This document is a draft.
This design document discusses considerations for configuring the fee structure of an Exchange from different points of view (Exchange operators, buyers/users, and sellers/merchants).
Fees are necessary for covering costs that non-governmental Exchange operators bear for offering their services established in-house or outsourced to a data center: variable costs (e.g. electricity and wire fees for every wired transfer to bank accounts) and fixed-cost expenditures for hardware, company assets, marketing and staff, and so forth. Fees enable operators to pass on these costs to users.
The Taler protocol offers different types of fees for the different operations performed by the exchange. This enables the Exchange operator to adapt fees to closely relate to operational expenses. Fee types and their underlying metrics not only to cover operational expenses, but also to provide incentives to users to adopt economic behaviours. In particular, they can be used to ensure that attackers which try to overwhelm the Exchange infrastructure with unusually large numbers of transactions proportionally contribute to the Exchange’s infrastructure budget.
There are six fee types available for configuration by the Exchange operator:
When withdrawing coins, withdraw fees are deducted from the respective reserve. When a coin is deposited, refreshed or refunded, the respective fees are deducted from the coin’s value depending on the type of operation that was performed. The wire and closing fees are deducted from the total amount that is being wired.
Exchange operators must configure a combination of fee amounts for each denomination type and each supported wire method. For each denomination type, the operator must configure the four fee amounts for the per coin operations. These denomination fees are valid for the lifetime of the denomination type: The protocol does not allow retroactive changes for denomination keys that have already been announced. This protects buyers against fee hikes for coins they already withdrew. Additionally, the wire and closing fees that apply per wire transfer must be configured for each wire method. These fees are typcially defined per calendar year.
For deposit, withdraw, refresh and refund operations, fees are charged per coin. The number of coins per operation increases logarithmically with the amount transacted. The fees set for a denomination may differ depending on the time of issuance of a coin (that is, whenever the public key changes) and may also depend on the specific value of a coin.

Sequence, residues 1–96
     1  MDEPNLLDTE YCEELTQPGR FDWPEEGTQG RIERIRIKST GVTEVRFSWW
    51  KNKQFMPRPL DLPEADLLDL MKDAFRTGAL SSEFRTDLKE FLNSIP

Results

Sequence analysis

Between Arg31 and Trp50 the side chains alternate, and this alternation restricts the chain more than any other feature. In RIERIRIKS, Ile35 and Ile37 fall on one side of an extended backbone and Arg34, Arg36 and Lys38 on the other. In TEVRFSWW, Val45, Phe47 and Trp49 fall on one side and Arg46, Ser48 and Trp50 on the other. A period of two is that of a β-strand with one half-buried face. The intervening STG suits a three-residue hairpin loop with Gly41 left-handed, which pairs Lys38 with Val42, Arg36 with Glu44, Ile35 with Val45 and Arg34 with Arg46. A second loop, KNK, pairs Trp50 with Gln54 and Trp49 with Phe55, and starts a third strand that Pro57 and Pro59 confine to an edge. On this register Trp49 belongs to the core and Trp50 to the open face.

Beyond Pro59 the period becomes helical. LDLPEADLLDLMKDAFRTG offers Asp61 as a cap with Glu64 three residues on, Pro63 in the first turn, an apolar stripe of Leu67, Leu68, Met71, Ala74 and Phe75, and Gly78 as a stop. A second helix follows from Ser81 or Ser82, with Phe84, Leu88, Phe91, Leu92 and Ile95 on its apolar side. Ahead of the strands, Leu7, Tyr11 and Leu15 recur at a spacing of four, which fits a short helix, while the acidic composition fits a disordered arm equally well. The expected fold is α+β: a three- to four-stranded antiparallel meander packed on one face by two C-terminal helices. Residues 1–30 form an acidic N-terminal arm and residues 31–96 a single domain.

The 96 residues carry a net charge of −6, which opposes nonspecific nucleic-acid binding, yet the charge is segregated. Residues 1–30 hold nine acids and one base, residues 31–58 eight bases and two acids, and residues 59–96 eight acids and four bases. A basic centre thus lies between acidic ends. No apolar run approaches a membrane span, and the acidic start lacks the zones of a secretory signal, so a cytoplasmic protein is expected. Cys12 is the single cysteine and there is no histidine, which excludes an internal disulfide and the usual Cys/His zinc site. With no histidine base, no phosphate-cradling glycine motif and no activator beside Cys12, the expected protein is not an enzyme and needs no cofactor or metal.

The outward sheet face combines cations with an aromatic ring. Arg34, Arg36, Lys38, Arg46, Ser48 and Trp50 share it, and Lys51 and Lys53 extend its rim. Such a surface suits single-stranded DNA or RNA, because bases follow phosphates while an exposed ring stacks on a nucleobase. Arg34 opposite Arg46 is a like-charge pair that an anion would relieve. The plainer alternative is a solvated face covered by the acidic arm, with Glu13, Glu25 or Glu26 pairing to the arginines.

Once an Exchange operator has configured specific fees, the Taler implementation will communicate the fees to new users upon withdrawal and henceforth charge fees on those newly withdrawn coins automatically.
Most fees are covered directly by the buyers, with two exceptions. For deposit fees, sellers may offer to cover deposit fees. For this, the seller can configure (per sale) a maximum amount of deposit fees the seller is willing to cover. Those deposit fees are then deducted from the seller’s income from the sale by the exchange. Additionally, sellers cover the full wire fee, as the wire fee is subtracted from the aggregated amounts wired to a seller.
For the wire fee, we note that deposits are aggregated by the exchange and wired to the receiving checking account of the seller in larger bulk wire transfers. Sellers can set the frequency by which these aggregated amounts are wired. Every wire transfer imposes costs on the Exchange operator collected by the operator’s bank for having the amount wired. Therefore, the Exchange operator will tend to charge the Wire fee to the sellers for this transaction type, as the sellers are the ones causing the aggregated transfer and not the buyers.
If from a seller’s point of view an Exchange operator has set the wire fee too high, the seller again impose a limit and ask buyers to cover the difference. Given that typically multiple purchases will be aggregated into one wire transfer, the seller can specify a so-called amortization factor to divide the (excessive) wire fee amongst a number of buyers using the same (expensive) Exchange.